- Then, STENT - a small tube of stainless steel mesh - already mounted on the balloon is placed at the site of narrowing and once in correct position, the stent balloon is inflated and the stent expands so that it holds open the narrowed artery. The balloon is let down and removed, leaving the stent in place.
- Some people may feel a palpitation, and you might feel some angina. If you feel unwell, or have pain at any time during the procedure, tell the team.
- Once the coronary artery has been successfully treated, the catheter in the wrist or leg is removed and the hole closed by pressure devices or a plug.
- Sometimes there might be a small amount of bleeding when catheters are taken out. A nurse or doctor will press on the area for a short period.
- In the first few hours afterwards you might get some chest discomfort. If this happens, tell the doctor or nurse.
- After the procedure, you’ll need to stay in bed for a while. If there are no complications, you will be allowed home the same day or early next day
Leaving hospital after an angioplasty
Most people can go home the same day or the next day, but if you’ve had an emergency angioplasty particularly after you had a heart attack it’s likely you’ll need to stay in hospital for longer.
When you get home, check the area where the catheter was inserted. There is a possibility that you may develop some mild bruising and tenderness, but if you get any significant redness or swelling, or if the bruising worsens, contact your doctor.
Before you leave hospital, someone will have a chat with you about your recovery and what you can and can’t do. It’s normal to feel tired afterwards but most people find that they’re back to normal after a few days. However if you’ve also had Angioplasty after a heart attack it will take longer to recover.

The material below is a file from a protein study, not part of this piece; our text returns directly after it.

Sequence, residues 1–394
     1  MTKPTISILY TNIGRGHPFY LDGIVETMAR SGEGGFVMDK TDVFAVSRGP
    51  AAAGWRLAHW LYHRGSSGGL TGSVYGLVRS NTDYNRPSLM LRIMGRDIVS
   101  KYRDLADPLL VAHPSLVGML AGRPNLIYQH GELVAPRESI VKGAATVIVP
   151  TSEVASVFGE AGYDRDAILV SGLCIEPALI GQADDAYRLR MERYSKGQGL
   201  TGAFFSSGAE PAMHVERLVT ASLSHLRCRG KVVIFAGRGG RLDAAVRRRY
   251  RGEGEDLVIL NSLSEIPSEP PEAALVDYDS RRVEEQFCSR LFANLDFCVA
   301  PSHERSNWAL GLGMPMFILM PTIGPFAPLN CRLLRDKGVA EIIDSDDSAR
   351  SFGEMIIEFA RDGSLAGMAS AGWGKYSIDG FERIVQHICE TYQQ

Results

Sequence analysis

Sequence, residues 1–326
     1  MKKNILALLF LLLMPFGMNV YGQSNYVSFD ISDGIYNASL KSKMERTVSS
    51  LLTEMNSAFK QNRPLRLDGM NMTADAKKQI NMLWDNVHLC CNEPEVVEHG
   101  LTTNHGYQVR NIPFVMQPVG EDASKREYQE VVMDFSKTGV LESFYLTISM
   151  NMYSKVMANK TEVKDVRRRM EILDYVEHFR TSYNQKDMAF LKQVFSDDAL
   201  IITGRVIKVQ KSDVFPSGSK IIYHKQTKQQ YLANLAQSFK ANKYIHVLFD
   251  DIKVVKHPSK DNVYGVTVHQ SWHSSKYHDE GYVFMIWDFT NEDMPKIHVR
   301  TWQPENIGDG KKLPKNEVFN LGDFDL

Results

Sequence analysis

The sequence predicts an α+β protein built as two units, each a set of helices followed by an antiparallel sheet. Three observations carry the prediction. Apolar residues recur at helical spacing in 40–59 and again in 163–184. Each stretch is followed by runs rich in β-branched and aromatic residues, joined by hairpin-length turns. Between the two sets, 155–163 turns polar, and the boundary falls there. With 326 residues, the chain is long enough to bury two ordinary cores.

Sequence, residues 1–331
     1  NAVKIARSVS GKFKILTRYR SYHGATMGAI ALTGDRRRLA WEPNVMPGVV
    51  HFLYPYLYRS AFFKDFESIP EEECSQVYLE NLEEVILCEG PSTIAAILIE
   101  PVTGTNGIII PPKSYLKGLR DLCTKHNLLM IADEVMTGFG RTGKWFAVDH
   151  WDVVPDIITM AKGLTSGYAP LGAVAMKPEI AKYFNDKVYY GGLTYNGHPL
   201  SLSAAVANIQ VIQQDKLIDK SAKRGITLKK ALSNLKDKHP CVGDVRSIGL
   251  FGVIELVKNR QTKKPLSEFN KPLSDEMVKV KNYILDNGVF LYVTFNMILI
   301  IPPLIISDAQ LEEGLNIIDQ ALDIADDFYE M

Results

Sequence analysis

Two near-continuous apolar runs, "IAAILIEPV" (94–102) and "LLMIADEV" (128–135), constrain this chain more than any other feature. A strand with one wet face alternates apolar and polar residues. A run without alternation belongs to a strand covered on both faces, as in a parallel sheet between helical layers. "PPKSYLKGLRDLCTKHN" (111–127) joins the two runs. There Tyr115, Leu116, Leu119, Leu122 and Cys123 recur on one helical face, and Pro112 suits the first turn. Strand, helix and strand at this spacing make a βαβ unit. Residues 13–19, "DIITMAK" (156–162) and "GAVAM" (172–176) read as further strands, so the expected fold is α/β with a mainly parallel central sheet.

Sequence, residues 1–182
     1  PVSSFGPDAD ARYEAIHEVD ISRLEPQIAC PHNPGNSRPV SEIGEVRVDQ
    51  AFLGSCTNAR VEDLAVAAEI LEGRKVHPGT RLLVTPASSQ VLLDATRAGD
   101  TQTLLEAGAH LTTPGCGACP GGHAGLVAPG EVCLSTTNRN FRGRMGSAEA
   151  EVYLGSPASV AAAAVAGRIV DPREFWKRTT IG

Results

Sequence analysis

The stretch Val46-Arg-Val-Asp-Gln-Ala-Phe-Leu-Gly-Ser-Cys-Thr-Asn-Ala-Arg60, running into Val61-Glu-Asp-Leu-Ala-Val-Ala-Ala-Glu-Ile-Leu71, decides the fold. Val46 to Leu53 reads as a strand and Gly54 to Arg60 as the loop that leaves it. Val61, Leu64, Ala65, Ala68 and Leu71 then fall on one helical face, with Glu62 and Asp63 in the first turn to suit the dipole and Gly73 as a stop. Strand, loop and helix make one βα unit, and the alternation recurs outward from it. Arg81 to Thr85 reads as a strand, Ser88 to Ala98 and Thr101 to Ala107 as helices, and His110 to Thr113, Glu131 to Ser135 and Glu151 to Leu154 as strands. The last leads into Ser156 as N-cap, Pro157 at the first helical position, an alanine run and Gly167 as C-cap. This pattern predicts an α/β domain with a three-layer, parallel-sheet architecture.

- It’s best to avoid doing any demanding activities, such as heavy lifting, for a week or so.
- You shouldn’t drive for at least a week after having angioplasty – longer (6 weeks) if you also had a heart attack.
- If you’ve had a planned angioplasty with no complications you may be able to return to work within a few days, depending on the type of work you do.
- If you’ve had an emergency angioplasty or a heart attack you may need to take a few weeks off.
You should also be invited to go on a cardiac rehabilitation programm a course of exercise and information sessions that help you to recover as quickly as possible.
If you have a stent, you’ll need to take certain anti-platelet Professorugs (such as aspirin or clopidegrel, Prasugrel or Ticagrolor) to help reduce the risk of blood clots forming in and around the stent.
Stents are not affected by security systems at airports or MRI scans.
What should you do if you experience chest pain after discharge from the hospital?
If you get chest pain, stop and rest and take your GTN as prescribed. If the pain doesn't ease, call 999 immediately. You could be having a heart attack.
How would you know if coronary angioplasty is successful?
In most cases the blood flow through the artery is improved after angioplasty. Many people find that their symptoms get better and they’re able to do more activities.
Sometimes the artery can become narrowed again, causing angina to return. But advances in stent technology mean that the risk of this happening is getting lower. Many people are now symptom-free for a longer period of time.
A small number of people have complications. The risk varies depending on your overall health and your individual heart condition. Have a chat with your doctor about the benefits and possible risks of having an angioplasty and any concerns you may have.
Professor Javed Ahmed has considerable expertise in coronary stenting and performs all his Angioplasty procedures at the Freeman Hospital, Newcastle-upon-Tyne. Professor Ahmed provides Angioplasty and Stenting treatment to both insured and self-pay patients